What is known today as the restaurant, “Dal Pescatore,” dates back to the 1920s when it was first opened by Antonio Santini and Teresa Mazzi
Reflecting back on Antonio Santini, his grandson Antonio says: “My grandfather, who I was named after, was a tough man. He knew the Oglio river well—fished it by boat, and as a ferryman, he was well known as a real character. In fact, it was during one of his river crossings that he met the woman of his life: Teresa Mazzi, daughter of farmers from Dovarese Island who had emigrated to Brasil for the coffee harvest.”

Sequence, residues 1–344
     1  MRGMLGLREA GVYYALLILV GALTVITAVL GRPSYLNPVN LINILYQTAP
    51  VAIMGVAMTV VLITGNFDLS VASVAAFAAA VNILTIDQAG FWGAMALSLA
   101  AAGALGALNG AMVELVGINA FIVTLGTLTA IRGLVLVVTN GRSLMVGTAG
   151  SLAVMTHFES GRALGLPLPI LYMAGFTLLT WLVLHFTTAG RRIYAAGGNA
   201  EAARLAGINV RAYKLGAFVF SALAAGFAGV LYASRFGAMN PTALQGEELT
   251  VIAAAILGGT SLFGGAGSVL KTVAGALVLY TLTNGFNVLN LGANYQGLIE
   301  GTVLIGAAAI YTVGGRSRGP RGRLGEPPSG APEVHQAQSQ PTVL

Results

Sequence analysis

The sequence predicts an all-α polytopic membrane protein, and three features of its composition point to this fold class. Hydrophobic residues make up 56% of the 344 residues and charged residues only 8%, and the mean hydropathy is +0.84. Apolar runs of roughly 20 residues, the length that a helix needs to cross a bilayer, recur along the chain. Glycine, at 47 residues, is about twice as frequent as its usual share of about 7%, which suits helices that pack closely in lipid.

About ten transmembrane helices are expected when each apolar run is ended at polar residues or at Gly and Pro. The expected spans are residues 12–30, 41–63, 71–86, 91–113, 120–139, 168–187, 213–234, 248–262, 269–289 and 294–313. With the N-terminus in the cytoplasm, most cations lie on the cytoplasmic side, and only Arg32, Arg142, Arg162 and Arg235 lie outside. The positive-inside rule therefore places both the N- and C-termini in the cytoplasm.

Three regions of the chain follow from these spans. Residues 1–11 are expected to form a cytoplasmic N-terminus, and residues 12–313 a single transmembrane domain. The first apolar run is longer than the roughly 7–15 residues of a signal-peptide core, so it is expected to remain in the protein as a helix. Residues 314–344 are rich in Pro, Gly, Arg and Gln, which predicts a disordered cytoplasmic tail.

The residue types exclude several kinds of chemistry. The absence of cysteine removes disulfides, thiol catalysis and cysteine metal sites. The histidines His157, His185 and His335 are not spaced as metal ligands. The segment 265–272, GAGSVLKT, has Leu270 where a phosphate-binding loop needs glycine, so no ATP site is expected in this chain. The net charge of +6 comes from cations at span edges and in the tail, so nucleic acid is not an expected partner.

Antonio and Teresa get married in 1926, and decide to open up a restaurant together. In the beginning it is a simple tavern, called “Wine and Fish”. Teresa works in the kitchen, Antonio fishes and serves tables. But it’s there, in that intimate union between the river and the fertile plains, that the spirit of the restaurant first emerges, and it is to that origin that the restaurant has always remained true.
In the early days, it is river fish (mostly fried), and Lambrusco (made by Antonio) that comprises the main menu of “Wine and Fish”, which becomes the destination of crowded and festive Sunday outings.
Even today, one of Teresa’s recipes will occasionally show up on the menu, and dishes like baked carp, stewed eel with peas or pike with parsley, anchovies and capers, testify to her strong link with those local roots.